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Open AccessReview
Astaxanthin as a Putative Geroprotector: Molecular Basis and Focus on Brain Aging
Mar. Drugs 2020, 18(7), 351; https://doi.org/10.3390/md18070351 - 05 Jul 2020
Cited by 7
Abstract
In recent years, the scientific interest in natural compounds with geroprotective activities has grown exponentially. Among the various naturally derived molecules, astaxanthin (ASX) represents a highly promising candidate geroprotector. By virtue of the central polyene chain, ASX acts as a scavenger of free [...] Read more.
In recent years, the scientific interest in natural compounds with geroprotective activities has grown exponentially. Among the various naturally derived molecules, astaxanthin (ASX) represents a highly promising candidate geroprotector. By virtue of the central polyene chain, ASX acts as a scavenger of free radicals in the internal membrane layer and simultaneously controls oxidation on the membrane surface. Moreover, several studies have highlighted ASX’s ability to modulate numerous biological mechanisms at the cellular level, including the modulation of transcription factors and genes directly linked to longevity-related pathways. One of the main relevant evolutionarily-conserved transcription factors modulated by astaxanthin is the forkhead box O3 gene (FOXO3), which has been recognized as a critical controller of cell fate and function. Moreover, FOXO3 is one of only two genes shown to robustly affect human longevity. Due to its tropism in the brain, ASX has recently been studied as a putative neuroprotective molecule capable of delaying or preventing brain aging in different experimental models of brain damage or neurodegenerative diseases. Astaxanthin has been observed to slow down brain aging by increasing brain-derived neurotrophic factor (BDNF) levels in the brain, attenuating oxidative damage to lipids, protein, and DNA and protecting mitochondrial functions. Emerging data now suggest that ASX can modulate Nrf2, FOXO3, Sirt1, and Klotho proteins that are linked to longevity. Together, these mechanisms provide support for a role of ASX as a potential geroneuroprotector. Full article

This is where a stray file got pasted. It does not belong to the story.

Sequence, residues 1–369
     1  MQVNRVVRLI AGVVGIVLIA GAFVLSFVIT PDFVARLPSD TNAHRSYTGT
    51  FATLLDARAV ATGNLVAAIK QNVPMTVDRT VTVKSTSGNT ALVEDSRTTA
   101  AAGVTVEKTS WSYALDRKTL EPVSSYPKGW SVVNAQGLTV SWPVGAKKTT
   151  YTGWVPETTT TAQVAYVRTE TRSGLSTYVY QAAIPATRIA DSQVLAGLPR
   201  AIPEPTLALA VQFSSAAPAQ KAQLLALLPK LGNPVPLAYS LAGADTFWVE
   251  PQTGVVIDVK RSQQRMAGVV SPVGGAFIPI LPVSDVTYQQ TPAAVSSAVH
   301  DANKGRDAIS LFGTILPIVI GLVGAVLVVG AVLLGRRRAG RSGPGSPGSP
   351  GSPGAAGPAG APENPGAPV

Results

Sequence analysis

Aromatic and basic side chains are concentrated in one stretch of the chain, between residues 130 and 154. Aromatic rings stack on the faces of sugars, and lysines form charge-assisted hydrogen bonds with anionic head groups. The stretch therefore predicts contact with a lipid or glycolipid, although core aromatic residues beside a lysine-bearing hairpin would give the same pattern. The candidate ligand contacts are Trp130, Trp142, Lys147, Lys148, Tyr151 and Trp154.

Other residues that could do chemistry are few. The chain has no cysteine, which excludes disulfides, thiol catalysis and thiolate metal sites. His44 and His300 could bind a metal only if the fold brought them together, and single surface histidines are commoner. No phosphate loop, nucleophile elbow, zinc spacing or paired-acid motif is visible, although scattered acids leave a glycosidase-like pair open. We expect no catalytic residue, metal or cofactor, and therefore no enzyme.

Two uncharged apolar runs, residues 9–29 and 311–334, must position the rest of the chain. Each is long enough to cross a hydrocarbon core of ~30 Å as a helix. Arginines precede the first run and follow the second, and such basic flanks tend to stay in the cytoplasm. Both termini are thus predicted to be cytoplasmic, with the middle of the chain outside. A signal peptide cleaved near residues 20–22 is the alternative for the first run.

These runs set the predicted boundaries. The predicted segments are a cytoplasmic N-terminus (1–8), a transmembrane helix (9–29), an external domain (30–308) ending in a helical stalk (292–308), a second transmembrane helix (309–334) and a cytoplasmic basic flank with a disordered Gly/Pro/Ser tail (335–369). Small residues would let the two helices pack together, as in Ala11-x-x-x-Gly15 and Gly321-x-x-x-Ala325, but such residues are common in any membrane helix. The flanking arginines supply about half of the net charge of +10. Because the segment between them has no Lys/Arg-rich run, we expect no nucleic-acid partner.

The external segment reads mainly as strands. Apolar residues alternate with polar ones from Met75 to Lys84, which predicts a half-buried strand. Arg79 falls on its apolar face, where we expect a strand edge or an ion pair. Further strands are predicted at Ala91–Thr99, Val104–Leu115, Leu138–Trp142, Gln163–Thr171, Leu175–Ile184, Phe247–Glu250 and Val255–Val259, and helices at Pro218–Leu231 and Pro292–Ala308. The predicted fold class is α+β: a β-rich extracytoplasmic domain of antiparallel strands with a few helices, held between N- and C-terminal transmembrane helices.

(This article belongs to the Special Issue Astaxanthin: A Potential Therapeutic Agent)
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Open AccessReview
Astaxanthin Modulation of Signaling Pathways That Regulate Autophagy
Mar. Drugs 2019, 17(10), 546; https://doi.org/10.3390/md17100546 - 23 Sep 2019
Cited by 10
Abstract
Autophagy is a lysosomal pathway that degrades and recycles unused or dysfunctional cell components as well as toxic cytosolic materials. Basal autophagy favors cell survival. However, the aberrant regulation of autophagy can promote pathological conditions. The autophagy pathway is regulated by several cell-stress [...] Read more.
Autophagy is a lysosomal pathway that degrades and recycles unused or dysfunctional cell components as well as toxic cytosolic materials. Basal autophagy favors cell survival. However, the aberrant regulation of autophagy can promote pathological conditions. The autophagy pathway is regulated by several cell-stress and cell-survival signaling pathways that can be targeted for the purpose of disease control. In experimental models of disease, the carotenoid astaxanthin has been shown to modulate autophagy by regulating signaling pathways, including the AMP-activated protein kinase (AMPK), cellular homolog of murine thymoma virus akt8 oncogene (Akt), and mitogen-activated protein kinase (MAPK), such as c-Jun N-terminal kinase (JNK) and p38. Astaxanthin is a promising therapeutic agent for the treatment of a wide variety of diseases by regulating autophagy. Full article